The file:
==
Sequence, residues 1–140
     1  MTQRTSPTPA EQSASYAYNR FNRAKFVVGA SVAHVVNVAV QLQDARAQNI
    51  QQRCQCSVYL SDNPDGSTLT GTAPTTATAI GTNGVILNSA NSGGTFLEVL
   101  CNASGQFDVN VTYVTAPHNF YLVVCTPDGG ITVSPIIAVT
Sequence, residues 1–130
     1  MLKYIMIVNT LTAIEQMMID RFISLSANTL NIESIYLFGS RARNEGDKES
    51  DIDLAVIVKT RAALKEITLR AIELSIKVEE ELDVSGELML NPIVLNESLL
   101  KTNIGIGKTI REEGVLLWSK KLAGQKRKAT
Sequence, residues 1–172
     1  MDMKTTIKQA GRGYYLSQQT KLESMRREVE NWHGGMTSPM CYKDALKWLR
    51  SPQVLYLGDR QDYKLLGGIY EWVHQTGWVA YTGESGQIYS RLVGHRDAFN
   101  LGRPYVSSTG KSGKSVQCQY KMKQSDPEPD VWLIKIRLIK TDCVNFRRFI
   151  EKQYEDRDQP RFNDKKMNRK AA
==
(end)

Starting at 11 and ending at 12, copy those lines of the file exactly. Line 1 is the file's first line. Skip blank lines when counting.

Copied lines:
    51  SPQVLYLGDR QDYKLLGGIY EWVHQTGWVA YTGESGQIYS RLVGHRDAFN
   101  LGRPYVSSTG KSGKSVQCQY KMKQSDPEPD VWLIKIRLIK TDCVNFRRFI